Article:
83 Comment

  • Youre right

    Just dont complain when they raise your rent next year.

    • True dat. Those additional costs will be passed to the tenant. Best not to mess with the man.

      • Not really. There’s something called rent control here.

        • There’s something called many exclusions from rent control. We have no idea what kind of building the OP lives in.

        • Yes really. We don’t have NYC style rent stabilization. If you are forced to drop a pile of money on a property or have a large tax increase you can apply to exceed the rent controlled amount. Rent control also doesn’t apply to SFHs unless you own 4 or more.

          • FYI, it’s 5 or more. The exemption is for 4 or fewer. There are other exemptions, the most important one being buildings (of any size, any number of units) built after 1985.

    • I don’t understand why so many people go directly to the negative. Upon reading the letter, it seemed like the management company was trying to protect the tenant from potential con artists who might try to take advantage of the situation to gain access to the property and tenant information by showing a badge. The letter does not say to refuse the inspector, but that the tenant has the right to refuse the inspectors and “anyone else into your home unless you know the person or have arranged access through this office.” I don’t know the management company or anything, but with the amount of crime in the area lately, this just seemed like a good reminder.

      • Its probably both. Burglars using these inspections as a ruse to case places and break-in = headaches and costs for landlords (new locks, fixing broken windows, etc). Inspections in your units = potential costs, whether it is higher taxes or fixing violations you are rolling the dice on expenses. As a landlord basically no good can come from this if you are a slumlord you will have a pile of violations, if you aren’t your property taxes will probably go up. It would be nice if they had some kind of incentive to get inspections (don’t say safety, their inspectors aren’t very good).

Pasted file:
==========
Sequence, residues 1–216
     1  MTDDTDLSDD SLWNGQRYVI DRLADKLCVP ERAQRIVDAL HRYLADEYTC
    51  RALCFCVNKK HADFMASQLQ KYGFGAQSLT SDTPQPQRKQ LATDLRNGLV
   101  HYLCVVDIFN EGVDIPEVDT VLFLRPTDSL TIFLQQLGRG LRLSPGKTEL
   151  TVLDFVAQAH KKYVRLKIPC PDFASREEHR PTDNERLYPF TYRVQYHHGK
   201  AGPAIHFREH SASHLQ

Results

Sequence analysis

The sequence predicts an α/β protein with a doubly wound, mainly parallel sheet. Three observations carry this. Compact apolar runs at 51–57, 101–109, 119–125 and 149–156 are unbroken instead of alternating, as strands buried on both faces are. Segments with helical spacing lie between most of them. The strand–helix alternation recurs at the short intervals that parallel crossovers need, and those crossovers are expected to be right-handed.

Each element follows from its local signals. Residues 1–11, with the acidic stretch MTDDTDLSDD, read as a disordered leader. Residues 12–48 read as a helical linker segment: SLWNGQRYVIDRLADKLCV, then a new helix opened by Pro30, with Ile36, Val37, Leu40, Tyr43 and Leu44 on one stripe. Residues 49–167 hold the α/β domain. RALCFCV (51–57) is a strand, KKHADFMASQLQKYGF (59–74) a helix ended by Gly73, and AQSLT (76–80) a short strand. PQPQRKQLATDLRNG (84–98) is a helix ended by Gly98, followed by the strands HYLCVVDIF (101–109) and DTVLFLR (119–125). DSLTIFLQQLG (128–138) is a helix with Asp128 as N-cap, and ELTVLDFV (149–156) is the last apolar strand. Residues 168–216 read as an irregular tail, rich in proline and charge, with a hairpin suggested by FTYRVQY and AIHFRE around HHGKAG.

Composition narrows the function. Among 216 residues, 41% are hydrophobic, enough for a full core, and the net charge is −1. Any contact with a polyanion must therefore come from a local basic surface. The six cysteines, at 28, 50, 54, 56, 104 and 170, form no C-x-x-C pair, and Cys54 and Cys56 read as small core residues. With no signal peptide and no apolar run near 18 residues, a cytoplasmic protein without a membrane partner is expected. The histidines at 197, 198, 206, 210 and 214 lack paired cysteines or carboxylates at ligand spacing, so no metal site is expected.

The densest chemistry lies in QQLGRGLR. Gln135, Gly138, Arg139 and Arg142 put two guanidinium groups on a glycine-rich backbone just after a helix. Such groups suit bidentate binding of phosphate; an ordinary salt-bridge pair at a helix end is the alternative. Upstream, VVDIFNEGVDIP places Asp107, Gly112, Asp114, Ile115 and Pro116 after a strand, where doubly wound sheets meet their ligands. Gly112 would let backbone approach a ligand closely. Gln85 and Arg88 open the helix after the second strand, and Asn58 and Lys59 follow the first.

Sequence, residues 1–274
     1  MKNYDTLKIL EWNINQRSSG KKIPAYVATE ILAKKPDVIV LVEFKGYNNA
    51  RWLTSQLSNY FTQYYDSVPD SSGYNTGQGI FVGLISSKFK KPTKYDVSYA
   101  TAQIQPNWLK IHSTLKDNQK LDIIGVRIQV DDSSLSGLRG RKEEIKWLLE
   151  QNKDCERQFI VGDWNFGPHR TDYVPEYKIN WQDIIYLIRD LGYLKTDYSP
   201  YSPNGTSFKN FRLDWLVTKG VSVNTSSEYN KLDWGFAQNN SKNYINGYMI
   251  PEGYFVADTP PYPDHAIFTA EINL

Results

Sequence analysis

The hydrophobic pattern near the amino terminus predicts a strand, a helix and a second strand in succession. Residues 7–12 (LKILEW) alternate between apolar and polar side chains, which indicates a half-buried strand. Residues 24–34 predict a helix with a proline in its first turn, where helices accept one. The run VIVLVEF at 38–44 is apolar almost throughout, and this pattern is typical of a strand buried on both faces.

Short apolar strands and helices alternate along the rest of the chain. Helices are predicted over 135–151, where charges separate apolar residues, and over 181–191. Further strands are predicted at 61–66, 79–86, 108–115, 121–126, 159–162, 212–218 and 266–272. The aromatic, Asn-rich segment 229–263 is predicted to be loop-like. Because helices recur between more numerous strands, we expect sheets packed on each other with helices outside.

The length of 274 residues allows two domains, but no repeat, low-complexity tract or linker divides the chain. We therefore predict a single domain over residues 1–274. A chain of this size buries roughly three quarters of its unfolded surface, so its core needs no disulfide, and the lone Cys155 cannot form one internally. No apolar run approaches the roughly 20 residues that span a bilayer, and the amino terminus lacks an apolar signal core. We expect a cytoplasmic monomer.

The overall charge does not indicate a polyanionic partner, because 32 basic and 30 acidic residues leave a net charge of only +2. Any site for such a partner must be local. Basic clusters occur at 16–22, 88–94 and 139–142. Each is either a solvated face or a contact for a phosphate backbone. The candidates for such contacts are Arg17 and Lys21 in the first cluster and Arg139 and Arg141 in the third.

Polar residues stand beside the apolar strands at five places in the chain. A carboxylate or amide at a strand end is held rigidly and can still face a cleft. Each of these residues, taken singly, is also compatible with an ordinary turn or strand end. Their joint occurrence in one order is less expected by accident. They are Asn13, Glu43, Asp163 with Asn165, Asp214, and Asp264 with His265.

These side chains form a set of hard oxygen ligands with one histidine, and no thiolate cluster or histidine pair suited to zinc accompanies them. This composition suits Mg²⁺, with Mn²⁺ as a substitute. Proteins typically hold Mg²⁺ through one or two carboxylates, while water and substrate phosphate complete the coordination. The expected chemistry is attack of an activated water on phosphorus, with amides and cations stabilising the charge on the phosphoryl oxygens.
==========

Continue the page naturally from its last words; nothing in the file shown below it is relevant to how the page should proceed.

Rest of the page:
• I got the same letter and read it the same way. They’re not telling us not to let people in, but informing us of our right not to. And yeah, they don’t want their taxes to go up and neither do I. The rent on my apartment has been raised once in 10 years, and I wouldn’t hold it against them if they all of a sudden had to raise it again because they got a huge tax increase.

        • “We therefore ask that you do not allow any inspector into your house unless someone from this office has informed you of an inspection in advance.”
          That sounds like they’re asking you not to let inspectors in.

  • The inspectors might be legit but there are too many scammers out there who will try to mimic them. I wouldn’t let them in either.

  • The inspection will likely result in a higher tax assessment and the LL does not want to pay a higher assessment.

  • Because your landlord has done something illegal to save tens of thousands of dollars a year, like claim the homestead deduction, or forgo the COO, or not have a business license, etc.

    • HaileUnlikely

      I think we all know that John C. Formant has a business license. OP – just for the heck of it, look up your place here: https://www.taxpayerservicecenter.com/RP_Search.jsp?search_type=Assessment and see if anything is wildly inconsistent with reality (e.g., LL claiming homestead deduction, or property listed as a single family home when in reality it has been subdivided into multiple units). If any of that is the case, that explains it. Otherwise, I’d assume that they’re just trying to keep out criminals who will pose as government employees or contractors.